French employment courts generally subject alleged reasons for employee dismissal to close scrutiny, particularly where dismissals are based on a breach of the duty of loyalty or of probity. Such breaches only constitute valid grounds for dismissal if they are genuine and rely on objective facts and behaviour which are attributable to the employee concerned.

From time to time, the French Supreme Court renders decisions recalling this principle. And here is a perfect example.

In the case in question, a bank client relationship manager was dismissed under the following circumstances:

The bank in which he was employed organized a client event and prepared envelopes containing gift vouchers for the invitees. Each of the invitees received an envelope, but as a surplus number of envelopes had been prepared, some of them were not distributed. At the end of the event, those envelopes could not be found.

An internal investigation was launched quickly, including an internal meeting with the employees who had attended the client event. A few weeks later, the employee admitted that he had taken the missing envelopes. He had not returned them immediately and had to be reminded by his employer to do so.

In this context and despite his previously unblemished record, the employee was dismissed by the bank on the grounds of serious misconduct, considering that his actions rendered his continuing presence in the company impossible. The employee therefore did not receive any severance payment or indemnity in lieu of notice period.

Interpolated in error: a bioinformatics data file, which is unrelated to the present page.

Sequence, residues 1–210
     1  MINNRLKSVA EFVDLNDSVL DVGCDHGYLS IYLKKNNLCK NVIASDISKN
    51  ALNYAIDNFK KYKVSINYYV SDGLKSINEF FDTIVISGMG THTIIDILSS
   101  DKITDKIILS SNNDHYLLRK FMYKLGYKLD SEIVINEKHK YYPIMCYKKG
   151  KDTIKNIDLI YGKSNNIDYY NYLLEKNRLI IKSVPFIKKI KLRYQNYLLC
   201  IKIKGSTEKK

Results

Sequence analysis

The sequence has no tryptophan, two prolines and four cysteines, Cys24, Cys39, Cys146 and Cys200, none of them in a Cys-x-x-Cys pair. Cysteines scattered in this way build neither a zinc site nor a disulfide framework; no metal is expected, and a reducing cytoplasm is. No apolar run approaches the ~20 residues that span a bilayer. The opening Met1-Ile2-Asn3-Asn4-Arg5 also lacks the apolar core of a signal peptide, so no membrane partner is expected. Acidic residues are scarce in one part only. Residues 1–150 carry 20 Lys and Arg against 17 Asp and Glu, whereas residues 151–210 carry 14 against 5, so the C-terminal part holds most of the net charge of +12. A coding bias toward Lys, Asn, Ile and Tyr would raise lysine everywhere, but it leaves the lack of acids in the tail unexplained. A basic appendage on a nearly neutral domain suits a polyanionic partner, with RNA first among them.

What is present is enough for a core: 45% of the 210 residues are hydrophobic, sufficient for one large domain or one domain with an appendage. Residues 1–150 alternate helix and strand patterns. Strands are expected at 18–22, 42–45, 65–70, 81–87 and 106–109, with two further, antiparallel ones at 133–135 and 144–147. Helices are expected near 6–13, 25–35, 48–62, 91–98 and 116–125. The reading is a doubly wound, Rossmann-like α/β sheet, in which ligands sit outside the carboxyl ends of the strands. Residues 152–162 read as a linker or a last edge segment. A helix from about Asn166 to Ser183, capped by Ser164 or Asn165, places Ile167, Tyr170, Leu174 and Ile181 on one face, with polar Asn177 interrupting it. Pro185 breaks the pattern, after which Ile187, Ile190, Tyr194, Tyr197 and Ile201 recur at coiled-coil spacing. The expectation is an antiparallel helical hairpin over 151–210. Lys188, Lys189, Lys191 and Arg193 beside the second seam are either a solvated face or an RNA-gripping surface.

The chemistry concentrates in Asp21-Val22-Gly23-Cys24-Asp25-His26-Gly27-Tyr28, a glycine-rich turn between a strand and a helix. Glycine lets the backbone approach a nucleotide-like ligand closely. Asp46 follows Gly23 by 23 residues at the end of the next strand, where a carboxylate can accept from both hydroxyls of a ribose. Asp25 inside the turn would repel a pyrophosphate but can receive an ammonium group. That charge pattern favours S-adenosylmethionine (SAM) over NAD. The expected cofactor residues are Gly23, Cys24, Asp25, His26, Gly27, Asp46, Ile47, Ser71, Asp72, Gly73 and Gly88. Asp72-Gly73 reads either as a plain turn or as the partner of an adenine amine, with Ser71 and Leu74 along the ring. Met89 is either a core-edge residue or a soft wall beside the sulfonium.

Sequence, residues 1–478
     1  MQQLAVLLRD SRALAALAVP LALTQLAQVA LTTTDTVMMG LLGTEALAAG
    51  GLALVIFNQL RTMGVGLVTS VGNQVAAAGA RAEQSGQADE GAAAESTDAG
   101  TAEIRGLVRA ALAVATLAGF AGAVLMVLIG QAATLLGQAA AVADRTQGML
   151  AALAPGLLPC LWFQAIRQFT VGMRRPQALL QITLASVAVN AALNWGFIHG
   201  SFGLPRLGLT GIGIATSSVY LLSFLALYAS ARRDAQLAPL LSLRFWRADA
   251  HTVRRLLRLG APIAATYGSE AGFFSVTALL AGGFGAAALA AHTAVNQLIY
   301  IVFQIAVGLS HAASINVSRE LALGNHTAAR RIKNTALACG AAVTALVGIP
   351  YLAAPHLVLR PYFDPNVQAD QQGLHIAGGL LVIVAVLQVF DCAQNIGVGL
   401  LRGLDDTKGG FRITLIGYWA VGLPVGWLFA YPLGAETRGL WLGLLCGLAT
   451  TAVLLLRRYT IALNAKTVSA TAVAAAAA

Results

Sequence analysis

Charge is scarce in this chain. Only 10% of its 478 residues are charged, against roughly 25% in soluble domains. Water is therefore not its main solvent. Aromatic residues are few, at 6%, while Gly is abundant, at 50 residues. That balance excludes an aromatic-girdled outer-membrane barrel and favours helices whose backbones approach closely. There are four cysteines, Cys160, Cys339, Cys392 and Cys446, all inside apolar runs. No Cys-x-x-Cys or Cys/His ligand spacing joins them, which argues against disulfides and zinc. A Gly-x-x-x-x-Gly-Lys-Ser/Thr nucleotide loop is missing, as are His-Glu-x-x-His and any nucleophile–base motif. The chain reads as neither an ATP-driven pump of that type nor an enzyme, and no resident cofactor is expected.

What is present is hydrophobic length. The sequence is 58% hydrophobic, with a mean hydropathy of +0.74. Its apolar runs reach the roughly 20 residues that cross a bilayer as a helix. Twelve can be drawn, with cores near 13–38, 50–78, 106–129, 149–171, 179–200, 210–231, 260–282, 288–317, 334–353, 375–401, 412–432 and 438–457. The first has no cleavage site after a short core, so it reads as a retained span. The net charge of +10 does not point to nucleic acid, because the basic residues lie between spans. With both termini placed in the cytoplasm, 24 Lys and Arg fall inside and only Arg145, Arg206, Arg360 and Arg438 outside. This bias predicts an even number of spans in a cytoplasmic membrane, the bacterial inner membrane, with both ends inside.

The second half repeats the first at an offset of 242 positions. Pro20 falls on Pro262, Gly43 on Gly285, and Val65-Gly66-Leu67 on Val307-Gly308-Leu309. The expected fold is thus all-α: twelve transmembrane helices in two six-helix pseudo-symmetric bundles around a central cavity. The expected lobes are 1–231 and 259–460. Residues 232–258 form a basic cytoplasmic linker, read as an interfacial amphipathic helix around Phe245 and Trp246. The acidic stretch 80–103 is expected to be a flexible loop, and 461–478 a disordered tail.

In the dismissal letter, the bank stated that “By your actions and behaviour you have broken the trust that contractually binds the Company to an employee. For such purposes, we refer you to the Bank Code of Ethics which, in its general principles, provides that “behaviour which is manifestly contrary to the values of service and honesty recognized by the group should not be allowed to continue”.

The employee challenged his dismissal before the French employment tribunals. The court of appeals ruled that the dismissal for serious misconduct was well founded.

The French Supreme Court affirmed the decision of the court of appeals, holding that the bank legitimately expected exemplary probity on the part of its client relationship managers, whose duties included the handling of funds

In the present case, the level of the disciplinary sanction was justified not only by the employee’s breach (considering the nature of his duties), but also by the concealment of such breach. It might be that the judges would have been more lenient if the employee had confessed his fault at the time the management questioned the staff about the disappearance of the gift vouchers.

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